+ | |||
+ | The number of cases for this is just each vertical set of arrows multiplied to each other (if you don't understand where I'm coming from, try to understand where these numbers come from!) | ||
+ | |||
+ | And so we have <math>2*2*4*4*4*2*2 = 2^{10}</math> cases. | ||
+ | |||
+ | Case 2: The bug goes backwards once, either at the first arrow or third arrow. | ||
+ | |||
+ | Here, we have to count the fact that there is a horizontal midline that the bug could not cross, or otherwise it would be stepping on the same edge twice. | ||
+ | Back on first arrow: <math>2*1*2*4*4*2*2 = 2^{8}</math> cases. | ||
+ | Back on third arrow: <math>2*2*4*4*4*1 = 2^{8}</math> cases. | ||
+ | Case 3: The bug goes backwards once, at the second arrow. | ||
− | + | Same thing as above, except since there are 4 arrows in the vertical set (plus one for the backwards arrow), then the calculations are a bit different. | |
− | + | We have <math>2*2*4*1*2*4*2*2 = 2^{9}</math> cases. | |
− | + | ||
+ | Notice that the first and third back arrows decrease the number of cases by a factor of <math>2^2</math> and the second back arrow decreases the number of cases by <math>2^1</math>. Hence, | ||
+ | |||
+ | 1st + 2nd = <math>2^7</math> | ||
+ | |||
+ | 2nd + 3rd = <math>2^7</math> | ||
+ | |||
+ | 1st + 3rd = <math>2^6</math> | ||
+ | |||
+ | 1st + 2nd + 3rd = <math>2^5</math> | ||
+ | |||
+ | And so the number of cases in total is <math>2^{10} + 2^9 + 2^8 + 2^8 + 2^7 + 2^7 + 2^6 + 2^5 \Rightarrow 1024 + 512 + 256 + 256 + 128 + 128 + 64 + 32 = \boxed{2400}</math> | ||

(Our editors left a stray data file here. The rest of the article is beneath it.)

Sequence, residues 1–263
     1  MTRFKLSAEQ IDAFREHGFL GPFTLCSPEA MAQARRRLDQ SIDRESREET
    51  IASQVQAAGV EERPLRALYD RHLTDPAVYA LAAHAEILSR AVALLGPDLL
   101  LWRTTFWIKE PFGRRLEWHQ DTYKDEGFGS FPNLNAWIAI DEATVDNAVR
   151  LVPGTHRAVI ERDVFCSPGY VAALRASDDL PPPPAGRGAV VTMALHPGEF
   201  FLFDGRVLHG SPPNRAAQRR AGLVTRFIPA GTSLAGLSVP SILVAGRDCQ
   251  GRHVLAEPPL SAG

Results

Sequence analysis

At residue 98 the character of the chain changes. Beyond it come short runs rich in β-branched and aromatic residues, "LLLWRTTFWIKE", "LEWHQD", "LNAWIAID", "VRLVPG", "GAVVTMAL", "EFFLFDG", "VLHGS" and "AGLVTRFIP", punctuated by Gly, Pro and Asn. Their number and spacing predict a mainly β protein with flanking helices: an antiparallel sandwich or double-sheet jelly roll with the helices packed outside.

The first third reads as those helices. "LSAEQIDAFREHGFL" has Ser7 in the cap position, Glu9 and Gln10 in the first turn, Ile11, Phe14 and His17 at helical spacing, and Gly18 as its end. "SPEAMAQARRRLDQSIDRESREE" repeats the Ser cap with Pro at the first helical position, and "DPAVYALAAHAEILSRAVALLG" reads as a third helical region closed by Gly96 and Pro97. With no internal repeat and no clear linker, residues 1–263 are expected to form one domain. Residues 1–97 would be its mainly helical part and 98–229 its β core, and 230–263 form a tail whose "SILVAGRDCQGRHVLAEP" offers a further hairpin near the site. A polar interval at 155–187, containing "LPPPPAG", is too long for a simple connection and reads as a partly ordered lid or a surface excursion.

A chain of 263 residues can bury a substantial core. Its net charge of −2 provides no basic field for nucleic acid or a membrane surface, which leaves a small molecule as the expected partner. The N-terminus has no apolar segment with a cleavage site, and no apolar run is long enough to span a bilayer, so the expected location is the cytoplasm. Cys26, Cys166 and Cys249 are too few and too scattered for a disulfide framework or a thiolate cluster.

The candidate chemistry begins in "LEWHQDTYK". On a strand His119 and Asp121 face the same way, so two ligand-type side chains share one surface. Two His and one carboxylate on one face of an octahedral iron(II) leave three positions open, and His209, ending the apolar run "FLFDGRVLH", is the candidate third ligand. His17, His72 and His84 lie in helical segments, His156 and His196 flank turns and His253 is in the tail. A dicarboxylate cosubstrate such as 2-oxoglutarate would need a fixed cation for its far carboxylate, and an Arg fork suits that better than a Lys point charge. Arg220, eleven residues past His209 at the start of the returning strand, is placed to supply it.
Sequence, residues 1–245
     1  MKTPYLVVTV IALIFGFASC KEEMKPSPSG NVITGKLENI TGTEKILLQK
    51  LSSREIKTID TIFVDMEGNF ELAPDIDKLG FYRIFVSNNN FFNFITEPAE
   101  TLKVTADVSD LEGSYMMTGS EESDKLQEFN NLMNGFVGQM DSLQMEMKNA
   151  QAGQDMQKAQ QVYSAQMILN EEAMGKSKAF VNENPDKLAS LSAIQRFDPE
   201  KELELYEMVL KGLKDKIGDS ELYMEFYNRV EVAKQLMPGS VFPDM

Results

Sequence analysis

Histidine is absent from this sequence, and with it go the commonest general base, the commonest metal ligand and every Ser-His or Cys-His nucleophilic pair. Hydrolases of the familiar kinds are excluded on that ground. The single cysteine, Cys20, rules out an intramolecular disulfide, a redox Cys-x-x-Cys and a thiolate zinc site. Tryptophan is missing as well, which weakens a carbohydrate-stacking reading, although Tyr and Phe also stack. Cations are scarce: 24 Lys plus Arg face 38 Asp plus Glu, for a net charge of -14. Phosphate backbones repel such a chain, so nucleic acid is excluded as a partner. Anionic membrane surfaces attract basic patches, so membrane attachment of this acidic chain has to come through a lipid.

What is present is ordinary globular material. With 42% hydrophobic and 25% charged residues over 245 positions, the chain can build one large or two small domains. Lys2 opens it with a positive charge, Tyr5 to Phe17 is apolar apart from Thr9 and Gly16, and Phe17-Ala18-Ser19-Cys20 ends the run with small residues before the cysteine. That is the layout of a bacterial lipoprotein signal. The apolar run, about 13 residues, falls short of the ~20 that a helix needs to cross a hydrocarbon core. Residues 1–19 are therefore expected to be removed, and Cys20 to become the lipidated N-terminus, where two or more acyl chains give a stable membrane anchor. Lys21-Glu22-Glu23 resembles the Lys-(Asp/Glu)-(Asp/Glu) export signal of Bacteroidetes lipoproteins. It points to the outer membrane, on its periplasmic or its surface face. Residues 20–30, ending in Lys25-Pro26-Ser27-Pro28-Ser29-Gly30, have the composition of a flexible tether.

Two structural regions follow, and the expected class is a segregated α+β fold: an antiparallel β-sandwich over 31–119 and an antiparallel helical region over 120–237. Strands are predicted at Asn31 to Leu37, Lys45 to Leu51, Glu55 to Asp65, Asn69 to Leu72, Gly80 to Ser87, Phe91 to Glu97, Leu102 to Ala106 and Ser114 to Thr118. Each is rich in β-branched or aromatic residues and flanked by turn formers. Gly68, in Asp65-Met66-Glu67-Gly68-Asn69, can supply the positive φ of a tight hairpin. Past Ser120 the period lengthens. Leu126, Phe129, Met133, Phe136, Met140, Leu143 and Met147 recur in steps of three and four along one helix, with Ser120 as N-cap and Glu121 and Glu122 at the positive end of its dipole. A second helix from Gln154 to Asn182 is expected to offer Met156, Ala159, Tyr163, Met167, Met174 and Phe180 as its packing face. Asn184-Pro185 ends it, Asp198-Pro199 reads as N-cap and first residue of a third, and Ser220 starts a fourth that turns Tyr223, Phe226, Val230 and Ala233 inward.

+ | |||
+ | Solution by IronicNinja | ||
+ | |||
+ | |||
+ | |||
+ | ==Video Solution by Richard Rusczyk== | ||
+ | https://artofproblemsolving.com/videos/amc/2012amc10b/270 | ||
+ | |||
+ | ~dolphin7 | ||
+ | |||
+ | (Direct Youtube Link) | ||
+ | https://www.youtube.com/watch?v=SE3hYHHYqhk | ||
== See Also == | == See Also == | ||
− | + | {{AMC10 box|year=2012|ab=B|num-b=24|after=Last Question}} | |
− | {{AMC10 box|year=2012|ab=B|num-b=24|after= | ||
{{AMC12 box|year=2012|ab=B|num-b=21|num-a=23}} | {{AMC12 box|year=2012|ab=B|num-b=21|num-a=23}} | ||
[[Category:Introductory Combinatorics Problems]] | [[Category:Introductory Combinatorics Problems]] | ||
+ | {{MAA Notice}} |
Latest revision as of 20:31, 23 October 2021
- The following problem is from both the 2012 AMC 12B #22 and 2012 AMC 10B #25, so both problems redirect to this page.
Contents
Problem 25
A bug travels from A to B along the segments in the hexagonal lattice pictured below. The segments marked with an arrow can be traveled only in the direction of the arrow, and the bug never travels the same segment more than once. How many different paths are there?
Solution 1
There is way to get to any of the red arrows. From the first (top) red arrow, there are ways to get to each of the first and the second (top 2) blue arrows; from the second (bottom) red arrow, there are ways to get to each of the first and the second blue arrows. So there are in total ways to get to each of the blue arrows.
From each of the first and second blue arrows, there are respectively ways to get to each of the first and the second green arrows; from each of the third and the fourth blue arrows, there are respectively ways to get to each of the first and the second green arrows. Therefore there are in total ways to get to each of the green arrows.